I love the oddly jittery motion as the airliners bob around in the crosswind, lining up their final approach. It's strangely soothing.

[Via MetaFilter]

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Travel service timelapse

September 18th, 2012

A week in the life of an airline pilot.

I get that at one level it's little different than driving a bus. Except for all the many ways in which it just isn't.

[Via MetaFilter]

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Bothersome Boeings

March 4th, 2012

One obstacle the organisers of this year's London Olympic Games haven't had to face (as far as we know) is having to clear up airplane graveyards so that tourists can come and watch the games:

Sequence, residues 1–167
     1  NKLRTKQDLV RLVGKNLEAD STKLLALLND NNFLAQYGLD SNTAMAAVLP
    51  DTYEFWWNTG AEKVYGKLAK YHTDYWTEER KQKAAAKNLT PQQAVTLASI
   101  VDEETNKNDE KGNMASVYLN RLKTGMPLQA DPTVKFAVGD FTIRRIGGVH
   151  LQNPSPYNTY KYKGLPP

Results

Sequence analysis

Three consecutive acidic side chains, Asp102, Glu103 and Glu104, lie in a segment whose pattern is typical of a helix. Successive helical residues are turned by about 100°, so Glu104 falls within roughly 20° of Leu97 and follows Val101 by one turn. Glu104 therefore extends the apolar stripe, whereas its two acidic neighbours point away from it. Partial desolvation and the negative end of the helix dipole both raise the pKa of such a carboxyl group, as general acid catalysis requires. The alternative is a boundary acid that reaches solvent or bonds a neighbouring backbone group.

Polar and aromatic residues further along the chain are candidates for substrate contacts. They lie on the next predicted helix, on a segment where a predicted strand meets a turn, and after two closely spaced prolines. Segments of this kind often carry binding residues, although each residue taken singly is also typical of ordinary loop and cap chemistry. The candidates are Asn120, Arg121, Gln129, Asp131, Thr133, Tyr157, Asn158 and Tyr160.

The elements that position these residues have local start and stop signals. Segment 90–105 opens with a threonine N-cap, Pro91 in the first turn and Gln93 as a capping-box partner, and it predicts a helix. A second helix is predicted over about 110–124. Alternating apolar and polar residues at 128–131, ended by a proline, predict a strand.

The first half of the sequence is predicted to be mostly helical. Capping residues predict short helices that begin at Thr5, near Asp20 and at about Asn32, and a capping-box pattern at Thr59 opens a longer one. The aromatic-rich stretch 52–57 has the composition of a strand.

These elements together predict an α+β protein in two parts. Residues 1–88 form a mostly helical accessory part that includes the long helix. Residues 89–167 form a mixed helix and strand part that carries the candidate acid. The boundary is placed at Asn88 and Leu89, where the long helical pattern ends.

Getting Brazil's overcrowded airports ready to play host to soccer's 2014 World Cup and the 2016 Olympic Games has run into an unexpected obstacle: airplane cemeteries on the tarmac.

At airfields from the muggy Amazon to bustling São Paulo, weather-stained aircraft missing doors, engines and even the odd nose cone rust away in plain sight. The failed fleet includes everything from weather-beaten Boeing 737s in Rio de Janeiro to a World War II-era Douglas C-47 cargo prop idled in the Amazonian outpost of Tabatinga. It has been sitting there for 16 years. […]

[Via The Morning News]

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Dreaming of higher altitudes, but doing their showing off right down on the deck

December 5th, 2011

Lower than a Snake's Belly in a Wagon Rut, or Flying Low is Fun! Some amazing photographs of pilots indulging themselves (and unnerving those of us stuck at ground level.)

My favourites: